Rare factory-built, 911-powered VW Bus for sale, F-150 celebrates 75 in two-tone, EV resets Goodwood record

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Buy a 911-powered VW Bus built by Porsche to chase 959s through the desert

Intake: Alongside the development of the awesome, all-wheel-drive 959, Porsche built a handful of crazy Caravelles as support vehicles for the Paris-Dakar Rally. By shoehorning the 231-hp, 3.2-liter flat-six engine from a 911 Carrera into the back of a VW T3 Transporter the idea was that the van would enable mechanics to keep up with the pace of the grueling marathon rally. It’s said that just seven were built, and now one is for sale in Germany for $386,000. What makes this mother-of-pearl model even more special is that it was built in 1988 for Porsche CEO Peter Schutz himself, and it is registered not as a VW, but as a Porsche. Wearing Fuchs alloy wheels, a stealthy black grille and a luxurious tan leather interior, it’s fair to say that this example didn’t see any rally action. However, it has certainly been well-used: Its odometer shows more than 130,000 km (81,000 miles). Perhaps unsurprisingly, the seller says that it could do with a repaint and some reupholstery work. Check out the ad (in German) here.

Exhaust: Who knew this extraordinary sleeper from Porsche even existed? It might be more cost-effective to build your own from scratch, but this van’s provenance is priceless, and in the Porsche market, a car built for, owned by, or driven by a company executive carries serious weight.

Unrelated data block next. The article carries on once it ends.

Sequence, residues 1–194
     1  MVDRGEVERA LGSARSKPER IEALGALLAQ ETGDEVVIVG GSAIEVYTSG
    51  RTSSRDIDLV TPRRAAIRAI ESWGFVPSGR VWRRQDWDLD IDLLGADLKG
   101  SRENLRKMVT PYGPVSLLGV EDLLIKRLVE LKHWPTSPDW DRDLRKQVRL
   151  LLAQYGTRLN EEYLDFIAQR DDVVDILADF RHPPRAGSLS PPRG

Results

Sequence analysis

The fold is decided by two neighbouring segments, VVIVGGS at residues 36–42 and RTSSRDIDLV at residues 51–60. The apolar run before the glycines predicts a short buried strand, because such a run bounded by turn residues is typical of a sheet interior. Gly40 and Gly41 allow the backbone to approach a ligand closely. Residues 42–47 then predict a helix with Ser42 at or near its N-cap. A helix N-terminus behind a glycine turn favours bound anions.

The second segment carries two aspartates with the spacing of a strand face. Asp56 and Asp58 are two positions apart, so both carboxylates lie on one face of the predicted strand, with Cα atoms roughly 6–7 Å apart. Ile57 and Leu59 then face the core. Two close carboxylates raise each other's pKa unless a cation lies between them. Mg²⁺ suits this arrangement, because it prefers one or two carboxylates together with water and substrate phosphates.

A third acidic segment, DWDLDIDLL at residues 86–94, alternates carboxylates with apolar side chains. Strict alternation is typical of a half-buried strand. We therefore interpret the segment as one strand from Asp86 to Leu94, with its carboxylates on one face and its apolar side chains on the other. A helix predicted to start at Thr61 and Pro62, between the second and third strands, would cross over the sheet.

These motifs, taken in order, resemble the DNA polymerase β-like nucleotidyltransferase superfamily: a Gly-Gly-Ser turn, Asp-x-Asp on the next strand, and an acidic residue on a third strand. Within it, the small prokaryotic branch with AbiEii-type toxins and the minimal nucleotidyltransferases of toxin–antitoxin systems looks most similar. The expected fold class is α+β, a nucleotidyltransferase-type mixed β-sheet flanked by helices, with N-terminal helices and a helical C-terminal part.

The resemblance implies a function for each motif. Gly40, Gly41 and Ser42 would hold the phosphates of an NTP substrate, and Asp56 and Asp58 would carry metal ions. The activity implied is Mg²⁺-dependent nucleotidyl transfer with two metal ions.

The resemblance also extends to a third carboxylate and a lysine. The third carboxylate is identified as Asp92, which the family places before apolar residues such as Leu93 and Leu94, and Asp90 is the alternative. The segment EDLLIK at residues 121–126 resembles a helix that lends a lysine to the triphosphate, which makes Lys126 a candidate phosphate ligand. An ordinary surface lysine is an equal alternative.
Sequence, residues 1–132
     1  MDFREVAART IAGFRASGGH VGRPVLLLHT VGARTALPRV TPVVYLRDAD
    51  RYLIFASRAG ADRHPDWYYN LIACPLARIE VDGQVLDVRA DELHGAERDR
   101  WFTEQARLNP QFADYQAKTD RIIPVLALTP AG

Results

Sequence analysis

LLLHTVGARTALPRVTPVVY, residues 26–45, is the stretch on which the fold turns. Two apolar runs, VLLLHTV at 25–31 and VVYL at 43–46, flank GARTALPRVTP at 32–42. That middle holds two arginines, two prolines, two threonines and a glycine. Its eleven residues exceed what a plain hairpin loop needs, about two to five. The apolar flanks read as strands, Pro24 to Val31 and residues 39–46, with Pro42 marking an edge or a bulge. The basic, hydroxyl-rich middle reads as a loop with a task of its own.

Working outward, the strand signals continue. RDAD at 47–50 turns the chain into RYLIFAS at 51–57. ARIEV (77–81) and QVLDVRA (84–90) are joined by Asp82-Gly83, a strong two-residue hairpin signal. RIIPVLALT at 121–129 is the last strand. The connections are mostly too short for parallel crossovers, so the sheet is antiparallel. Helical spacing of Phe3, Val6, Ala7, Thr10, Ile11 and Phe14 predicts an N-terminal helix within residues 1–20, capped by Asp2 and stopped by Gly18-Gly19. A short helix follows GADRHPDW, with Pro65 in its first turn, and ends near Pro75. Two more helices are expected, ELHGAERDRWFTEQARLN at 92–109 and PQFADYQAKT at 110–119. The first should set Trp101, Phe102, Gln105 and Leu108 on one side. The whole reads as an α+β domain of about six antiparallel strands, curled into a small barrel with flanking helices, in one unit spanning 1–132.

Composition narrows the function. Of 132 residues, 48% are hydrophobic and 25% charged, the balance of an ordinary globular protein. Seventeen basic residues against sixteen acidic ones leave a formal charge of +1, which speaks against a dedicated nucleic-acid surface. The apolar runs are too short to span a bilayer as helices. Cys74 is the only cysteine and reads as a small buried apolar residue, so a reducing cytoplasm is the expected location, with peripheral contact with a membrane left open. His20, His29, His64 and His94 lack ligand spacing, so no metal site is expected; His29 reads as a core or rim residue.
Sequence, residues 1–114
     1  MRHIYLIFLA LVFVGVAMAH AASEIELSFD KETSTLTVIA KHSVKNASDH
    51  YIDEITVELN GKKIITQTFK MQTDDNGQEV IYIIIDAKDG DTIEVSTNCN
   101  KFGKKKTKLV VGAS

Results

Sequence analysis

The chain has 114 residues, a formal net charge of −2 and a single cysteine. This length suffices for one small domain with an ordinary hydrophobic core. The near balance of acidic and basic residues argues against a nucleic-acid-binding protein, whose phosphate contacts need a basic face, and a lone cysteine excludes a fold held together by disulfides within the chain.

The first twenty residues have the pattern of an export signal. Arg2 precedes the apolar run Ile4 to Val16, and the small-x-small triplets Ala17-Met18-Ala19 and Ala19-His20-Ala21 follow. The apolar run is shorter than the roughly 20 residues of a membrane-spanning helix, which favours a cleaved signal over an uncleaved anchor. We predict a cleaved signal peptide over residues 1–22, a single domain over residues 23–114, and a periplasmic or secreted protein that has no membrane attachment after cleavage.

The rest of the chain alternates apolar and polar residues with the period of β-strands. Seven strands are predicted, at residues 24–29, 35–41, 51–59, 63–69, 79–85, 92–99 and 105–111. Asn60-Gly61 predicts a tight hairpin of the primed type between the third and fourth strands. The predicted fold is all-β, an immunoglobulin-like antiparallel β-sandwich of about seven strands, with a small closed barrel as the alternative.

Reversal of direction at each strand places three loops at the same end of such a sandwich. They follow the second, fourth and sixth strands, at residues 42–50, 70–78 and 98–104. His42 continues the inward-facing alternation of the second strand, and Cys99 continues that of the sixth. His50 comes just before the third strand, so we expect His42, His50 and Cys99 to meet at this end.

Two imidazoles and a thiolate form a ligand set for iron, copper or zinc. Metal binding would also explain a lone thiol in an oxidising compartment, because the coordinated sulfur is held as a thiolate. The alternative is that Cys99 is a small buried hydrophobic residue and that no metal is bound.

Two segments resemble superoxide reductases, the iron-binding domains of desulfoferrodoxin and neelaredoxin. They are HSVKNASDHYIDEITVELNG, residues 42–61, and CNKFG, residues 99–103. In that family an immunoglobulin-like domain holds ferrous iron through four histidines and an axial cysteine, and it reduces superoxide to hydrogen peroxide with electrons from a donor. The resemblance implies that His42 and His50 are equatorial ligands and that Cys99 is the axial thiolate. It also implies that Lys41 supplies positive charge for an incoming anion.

Wickens celebrates first win since 2018 IndyCar crash

Intake: When we last left race driver Robert Wickens, he was hopeful he could race someday after his horrific August 19, 2018, IndyCar crash at Pocono that left him with permanent spinal cord injuries and paralysis. After extensive rehab, Wickens got word from Bryan Herta Autosport, a multi-car Hyundai IMSA Michelin Pilot Challenge team, that he might be able to try out in Michael Johnson’s car, since Johnson, paralyzed from a motorcycle crash, had hand controls in the car. Wickens tested and did well, but then the only thing he had on his mind was getting back in a race car, and Hyundai and Herta put him in a Hyundai Elantra for the 2022 season. Winning seemed a distant dream, though, but that dream came true last weekend when Wickens and his able-bodied co-driver, Mark Wilkins, won the Touring Car (TCR) class of the Tioga Downs Casino Resort 120 race at Watkins Glen International raceway in New York on Saturday, less than a half-second ahead of second place. This bodes well for next week, when the IMSA Michelin Pilot Challenge heads north of the border to the home track for Wilkins and Wickens, the Canadian Tire Motorsport Park.

Exhaust: Sometimes good things happen to nice guys, and Robert Wickens and Mark Wilkins are some of the best-liked drivers in the IMSA paddock. It’s premature to talk about Wickens’ possible return to an open-cockpit car—IndyCar has no provision for hand control – but so far, anyone who has bet against Robert Wickens has done so at their peril. For now, Wickens says his goal is another victory in the Michelin Pilot Challenge series.

Ford goes two-tone for F-150’s Diamond Jubilee